That thing where you insist on obstructing access to my front door, by parking with two wheels on the pavement/sidewalk directly in front of my building when there are plenty of spaces available in the actual building car park, is getting rather old. I would do something radical but as a person about to apply for residency in the UK I cannot afford to “key” your car or the like. Which is too bad, because it’s what you deserve.
You drive a Ford Zetec, it’s not actually a fancy car, NFAH
Dear work person visiting my turf who happens to be a “Sir”:
Congratulations to you for having been knighted. That must be nice. But hi-jacking my meeting with your own agenda, and sending me (the only woman in the room and the person who was supposed to be running the meeting) out to make photocopies for you just really sucked rocks and did not actually help the meeting to accomplish anything.
Dear local buses on my number x route,
You advertise quite clearly that you operate “Every ten minutes into the City Centre” so I thought you actually meant that. When I waited at the bus-stop for 30 minutes this morning, I was confused. When the bus number xy that eventually did stop at my stop was a different number and decided to pick us all up at a stop that was not on your route I was confused. When you stopped at all of the normal route x bus stops it became clear that it had adapted the route of the never-was-going-to-come bus. This was confusing.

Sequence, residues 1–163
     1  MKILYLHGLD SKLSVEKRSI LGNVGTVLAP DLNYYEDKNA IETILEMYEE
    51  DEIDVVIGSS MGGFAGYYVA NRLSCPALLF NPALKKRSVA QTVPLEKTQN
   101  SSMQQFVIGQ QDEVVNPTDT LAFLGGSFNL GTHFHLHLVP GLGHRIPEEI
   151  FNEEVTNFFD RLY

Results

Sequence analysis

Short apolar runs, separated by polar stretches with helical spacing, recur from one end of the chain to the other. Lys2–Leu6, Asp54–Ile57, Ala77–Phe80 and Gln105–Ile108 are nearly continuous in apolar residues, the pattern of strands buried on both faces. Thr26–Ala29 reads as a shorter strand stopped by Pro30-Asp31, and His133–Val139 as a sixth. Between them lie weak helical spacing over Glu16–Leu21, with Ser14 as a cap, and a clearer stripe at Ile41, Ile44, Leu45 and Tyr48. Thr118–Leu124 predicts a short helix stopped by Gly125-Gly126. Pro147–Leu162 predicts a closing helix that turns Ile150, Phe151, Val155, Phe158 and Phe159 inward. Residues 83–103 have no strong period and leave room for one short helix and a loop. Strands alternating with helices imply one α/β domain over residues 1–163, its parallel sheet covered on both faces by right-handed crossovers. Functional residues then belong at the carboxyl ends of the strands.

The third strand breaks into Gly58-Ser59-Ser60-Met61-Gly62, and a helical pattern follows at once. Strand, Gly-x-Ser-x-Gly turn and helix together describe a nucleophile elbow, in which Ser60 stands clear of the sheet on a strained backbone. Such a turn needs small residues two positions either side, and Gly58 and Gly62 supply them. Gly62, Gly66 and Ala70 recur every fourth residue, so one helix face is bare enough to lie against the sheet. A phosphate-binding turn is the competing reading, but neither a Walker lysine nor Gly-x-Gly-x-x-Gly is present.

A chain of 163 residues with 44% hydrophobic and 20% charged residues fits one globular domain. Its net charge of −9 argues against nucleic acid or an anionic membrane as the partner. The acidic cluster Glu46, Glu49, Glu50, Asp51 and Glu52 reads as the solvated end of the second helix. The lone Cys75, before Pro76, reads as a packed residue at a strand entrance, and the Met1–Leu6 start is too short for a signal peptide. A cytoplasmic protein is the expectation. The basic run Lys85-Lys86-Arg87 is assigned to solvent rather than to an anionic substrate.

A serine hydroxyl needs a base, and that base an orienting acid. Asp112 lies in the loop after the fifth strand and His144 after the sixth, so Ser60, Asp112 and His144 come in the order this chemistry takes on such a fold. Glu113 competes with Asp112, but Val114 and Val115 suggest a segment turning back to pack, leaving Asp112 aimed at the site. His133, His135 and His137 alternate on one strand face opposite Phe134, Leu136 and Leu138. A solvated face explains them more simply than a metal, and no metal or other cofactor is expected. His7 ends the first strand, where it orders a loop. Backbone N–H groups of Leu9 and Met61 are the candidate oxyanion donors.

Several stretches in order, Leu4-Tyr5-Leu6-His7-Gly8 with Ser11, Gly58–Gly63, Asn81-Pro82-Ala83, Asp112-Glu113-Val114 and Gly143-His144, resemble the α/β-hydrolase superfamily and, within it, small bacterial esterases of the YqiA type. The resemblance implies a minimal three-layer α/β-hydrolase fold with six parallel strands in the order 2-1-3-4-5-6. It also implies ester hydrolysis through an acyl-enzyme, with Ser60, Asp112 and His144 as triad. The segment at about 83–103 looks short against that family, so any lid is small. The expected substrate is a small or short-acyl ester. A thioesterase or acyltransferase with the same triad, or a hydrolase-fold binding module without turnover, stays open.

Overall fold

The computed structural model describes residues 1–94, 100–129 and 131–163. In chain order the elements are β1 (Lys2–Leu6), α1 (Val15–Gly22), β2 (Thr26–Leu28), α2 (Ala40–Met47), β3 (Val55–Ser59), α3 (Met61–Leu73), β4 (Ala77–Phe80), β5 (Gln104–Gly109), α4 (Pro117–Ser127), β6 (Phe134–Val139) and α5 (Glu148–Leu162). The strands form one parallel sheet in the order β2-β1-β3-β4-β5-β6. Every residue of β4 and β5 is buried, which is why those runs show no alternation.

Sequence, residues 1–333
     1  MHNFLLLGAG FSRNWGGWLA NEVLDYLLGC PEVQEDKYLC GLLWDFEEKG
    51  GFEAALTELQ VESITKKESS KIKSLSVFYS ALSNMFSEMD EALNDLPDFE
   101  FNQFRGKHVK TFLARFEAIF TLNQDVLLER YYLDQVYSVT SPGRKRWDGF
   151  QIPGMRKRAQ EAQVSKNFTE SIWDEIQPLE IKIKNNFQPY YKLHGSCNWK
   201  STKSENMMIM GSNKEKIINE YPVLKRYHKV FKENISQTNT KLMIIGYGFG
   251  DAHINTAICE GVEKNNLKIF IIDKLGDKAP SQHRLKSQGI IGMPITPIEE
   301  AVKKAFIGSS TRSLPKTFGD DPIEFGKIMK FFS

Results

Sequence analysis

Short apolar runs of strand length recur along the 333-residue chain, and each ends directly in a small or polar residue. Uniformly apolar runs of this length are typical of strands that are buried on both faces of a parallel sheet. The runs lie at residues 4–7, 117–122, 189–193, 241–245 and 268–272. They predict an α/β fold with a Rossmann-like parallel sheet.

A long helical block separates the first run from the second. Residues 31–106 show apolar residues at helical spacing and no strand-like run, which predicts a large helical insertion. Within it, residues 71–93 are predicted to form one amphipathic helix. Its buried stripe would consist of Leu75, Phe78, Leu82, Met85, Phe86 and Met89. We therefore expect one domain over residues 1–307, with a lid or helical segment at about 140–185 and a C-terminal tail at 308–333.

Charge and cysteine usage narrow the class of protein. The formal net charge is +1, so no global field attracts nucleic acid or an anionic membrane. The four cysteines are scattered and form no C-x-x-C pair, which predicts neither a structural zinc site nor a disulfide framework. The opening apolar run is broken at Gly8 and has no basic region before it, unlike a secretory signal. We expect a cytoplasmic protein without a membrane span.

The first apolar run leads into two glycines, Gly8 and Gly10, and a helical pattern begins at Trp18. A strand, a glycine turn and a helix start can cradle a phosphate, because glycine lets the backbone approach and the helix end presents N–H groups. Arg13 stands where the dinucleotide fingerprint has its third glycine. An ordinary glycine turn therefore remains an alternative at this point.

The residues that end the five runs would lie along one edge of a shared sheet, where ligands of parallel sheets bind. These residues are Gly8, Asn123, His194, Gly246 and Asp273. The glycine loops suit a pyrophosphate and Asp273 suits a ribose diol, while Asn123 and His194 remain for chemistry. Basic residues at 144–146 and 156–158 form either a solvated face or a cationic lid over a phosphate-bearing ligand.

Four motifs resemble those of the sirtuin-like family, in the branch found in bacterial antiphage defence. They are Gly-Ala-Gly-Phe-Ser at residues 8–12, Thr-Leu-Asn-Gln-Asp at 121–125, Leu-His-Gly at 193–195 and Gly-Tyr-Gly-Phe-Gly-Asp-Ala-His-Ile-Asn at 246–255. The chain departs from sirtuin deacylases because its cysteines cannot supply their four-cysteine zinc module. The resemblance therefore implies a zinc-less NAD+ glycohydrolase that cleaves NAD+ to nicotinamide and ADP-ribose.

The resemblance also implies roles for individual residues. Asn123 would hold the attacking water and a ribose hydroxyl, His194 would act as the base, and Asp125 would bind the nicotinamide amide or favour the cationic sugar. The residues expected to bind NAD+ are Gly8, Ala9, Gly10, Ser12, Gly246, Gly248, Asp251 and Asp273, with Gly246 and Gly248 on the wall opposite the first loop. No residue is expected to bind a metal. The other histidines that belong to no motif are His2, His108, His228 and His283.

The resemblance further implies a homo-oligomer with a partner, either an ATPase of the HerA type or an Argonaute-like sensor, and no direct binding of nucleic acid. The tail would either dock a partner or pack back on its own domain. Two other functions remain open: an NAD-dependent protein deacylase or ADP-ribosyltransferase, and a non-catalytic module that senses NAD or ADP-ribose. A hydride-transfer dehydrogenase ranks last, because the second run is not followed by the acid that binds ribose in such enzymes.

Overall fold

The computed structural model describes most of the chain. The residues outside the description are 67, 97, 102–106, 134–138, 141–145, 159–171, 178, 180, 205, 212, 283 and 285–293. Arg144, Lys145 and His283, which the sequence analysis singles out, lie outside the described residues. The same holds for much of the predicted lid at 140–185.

This is why public transport in England has a bad reputation, NFAH
the daffodils are blooming. The world is ready for spring. Normally in my last few years here you were very nice in April. Why are you persisting with this below freezing thing so late in March?
Would really like to turn the heat off now, NFAH
The last few weeks have been an endurance test for me… by the time I got to mid-afternoon today I was completely shot. My job is difficult even in the best of circumstances, but when it decides to really force me into a corner it can be remarkably difficult. That’s fine, I knew that when I signed up for this life. But I can still be happy when I see a bit of a break coming up on the horizon. As of late this afternoon, things are supposed to be easier for me for the next six months, as I’ve been stripped of some of my administrative responsibilities until October and allowed time to think and reflect and hopefully to get things done.